Against the backdrop of broken trees, we poured out our hearts to the One who has promised to make all things new, beginning with the sacrificial gift of His Son that day so many years ago.

My pastor’s sermon was a call to view our circumstances in a positive light – as the force to affect real change. He called for our county to stand out as different because of what we had endured.

And so, although I’ve been incredibly overwhelmed by a deep sense of frustration lately, the gathering of like-minded people, the songs we sang, the message preached – well, God used all of these things to buoy my spirit.

Rather than merely repairing what Hurricane Michael broke so badly, God will remake all of it . . . the physical and the emotional.

At the conclusion of the service, each family was encouraged to select a flower pot to take home and plant.

Unsurprisingly, the Mr. and I selected orange flowers.

They’ll be a bright spot in my front flower bed and a reminder of one of the most special Easter services I’ve ever experienced – of the hope God placed in my heart – of the reminder that though many have forgotten about us, He has not.

Happy Easter to all of you. I pray that you, too, will experience God’s personal touch in your lives today and that, if you don’t know Him, that you will seek Him out and discover, personally, a saving knowledge of His Son, Jesus.

We Told You So

191 days ago, Hurricane Michael hit my town and cut a viscous path through a number of other counties as it made its way north before finally expending its energy.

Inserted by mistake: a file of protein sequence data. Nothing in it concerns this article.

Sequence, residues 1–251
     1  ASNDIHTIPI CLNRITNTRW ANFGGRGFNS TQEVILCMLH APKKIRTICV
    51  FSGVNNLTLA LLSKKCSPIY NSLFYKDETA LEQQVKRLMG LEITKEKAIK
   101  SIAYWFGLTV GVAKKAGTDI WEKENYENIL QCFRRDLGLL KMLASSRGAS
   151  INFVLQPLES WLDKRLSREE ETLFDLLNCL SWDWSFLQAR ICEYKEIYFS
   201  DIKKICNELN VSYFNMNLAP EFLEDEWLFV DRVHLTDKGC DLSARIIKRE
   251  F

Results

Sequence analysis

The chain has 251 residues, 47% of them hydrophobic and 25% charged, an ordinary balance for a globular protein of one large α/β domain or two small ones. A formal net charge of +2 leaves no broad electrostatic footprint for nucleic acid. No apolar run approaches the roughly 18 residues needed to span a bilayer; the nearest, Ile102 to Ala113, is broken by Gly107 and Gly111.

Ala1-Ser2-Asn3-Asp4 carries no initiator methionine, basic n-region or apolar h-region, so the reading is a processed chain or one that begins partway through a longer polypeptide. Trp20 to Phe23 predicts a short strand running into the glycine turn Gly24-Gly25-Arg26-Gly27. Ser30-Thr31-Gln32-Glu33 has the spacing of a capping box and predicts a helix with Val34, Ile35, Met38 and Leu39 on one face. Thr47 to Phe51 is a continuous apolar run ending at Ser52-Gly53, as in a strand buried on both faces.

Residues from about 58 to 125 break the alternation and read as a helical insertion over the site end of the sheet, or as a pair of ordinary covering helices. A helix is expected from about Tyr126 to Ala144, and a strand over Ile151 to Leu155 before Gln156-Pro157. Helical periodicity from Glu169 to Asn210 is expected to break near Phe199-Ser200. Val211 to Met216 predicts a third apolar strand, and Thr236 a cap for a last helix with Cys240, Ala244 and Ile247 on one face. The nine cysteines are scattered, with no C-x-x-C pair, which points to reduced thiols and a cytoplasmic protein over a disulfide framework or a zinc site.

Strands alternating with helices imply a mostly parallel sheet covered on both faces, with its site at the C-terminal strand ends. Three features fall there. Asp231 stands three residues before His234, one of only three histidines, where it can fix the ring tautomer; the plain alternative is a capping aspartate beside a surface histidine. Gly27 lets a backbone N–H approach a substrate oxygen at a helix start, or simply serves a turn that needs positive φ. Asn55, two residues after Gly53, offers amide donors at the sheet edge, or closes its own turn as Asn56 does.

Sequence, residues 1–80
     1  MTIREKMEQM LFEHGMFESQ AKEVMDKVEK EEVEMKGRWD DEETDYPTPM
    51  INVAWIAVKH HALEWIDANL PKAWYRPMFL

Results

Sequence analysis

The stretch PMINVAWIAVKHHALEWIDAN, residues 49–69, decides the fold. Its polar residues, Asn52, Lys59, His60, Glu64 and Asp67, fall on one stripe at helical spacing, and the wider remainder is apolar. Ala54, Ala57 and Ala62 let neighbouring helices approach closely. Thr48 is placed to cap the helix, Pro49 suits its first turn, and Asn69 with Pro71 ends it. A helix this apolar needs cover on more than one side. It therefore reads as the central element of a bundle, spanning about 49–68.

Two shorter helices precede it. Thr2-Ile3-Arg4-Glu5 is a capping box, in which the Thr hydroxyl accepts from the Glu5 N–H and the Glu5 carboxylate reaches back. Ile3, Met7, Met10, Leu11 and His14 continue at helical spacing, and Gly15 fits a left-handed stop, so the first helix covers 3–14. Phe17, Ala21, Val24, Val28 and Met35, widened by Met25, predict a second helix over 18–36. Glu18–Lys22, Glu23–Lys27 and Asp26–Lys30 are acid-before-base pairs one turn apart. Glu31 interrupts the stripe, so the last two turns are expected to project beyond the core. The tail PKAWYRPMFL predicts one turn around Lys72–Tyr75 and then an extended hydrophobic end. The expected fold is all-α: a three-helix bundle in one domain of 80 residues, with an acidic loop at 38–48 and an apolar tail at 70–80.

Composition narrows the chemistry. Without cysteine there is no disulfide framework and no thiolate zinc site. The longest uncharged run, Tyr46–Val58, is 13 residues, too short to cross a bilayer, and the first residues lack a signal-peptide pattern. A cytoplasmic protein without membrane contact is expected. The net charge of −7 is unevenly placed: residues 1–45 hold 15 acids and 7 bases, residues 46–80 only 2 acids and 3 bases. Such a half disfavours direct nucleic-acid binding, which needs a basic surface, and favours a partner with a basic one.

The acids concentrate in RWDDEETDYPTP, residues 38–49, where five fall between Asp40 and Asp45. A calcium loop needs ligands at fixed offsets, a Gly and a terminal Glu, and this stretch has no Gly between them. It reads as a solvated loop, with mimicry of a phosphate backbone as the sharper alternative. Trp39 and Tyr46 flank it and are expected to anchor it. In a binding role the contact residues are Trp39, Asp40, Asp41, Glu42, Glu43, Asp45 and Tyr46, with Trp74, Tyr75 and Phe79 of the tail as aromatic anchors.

“Experts” labeled it as a strong Cat 4 storm . . . one mile shy of a Cat 5.

We knew, immediately, from the horrendous damage left behind, that these “experts” were wrong.

It was a Cat 5 through and through.

Well, it’s taken a minute or two, but today, we received official word that the storm has been reclassified as that of Cat 5 status.

I echo what every other hurricane victim is saying right now: “We told you so.”

#sorrynotsorry

The Mr. texted the news to me first thing this morning; he knew that I was doing all of the teaching things and didn’t have time to follow the latest updates.

How did I feel when I read his words?

It was a mixture of emotions . . .

Vindication for the insistence that I and everyone else I know had been putting forth about how horrible the recovery has been.

Anger at the powers-that-be for visiting my city, getting my hopes up by promising that they would help my community rebuild, and then failing to pass a funding bill to pay for recovery efforts.

Sadness at the reminder of what existed before the storm and what was left behind.

That’s the street that I drive onto every time I leave my neighborhood – a street I have frequently run up and down during my virtual races – a street that took my breath away for its beauty before the storm and now takes my breath away because it’s so shockingly devoid of standing trees.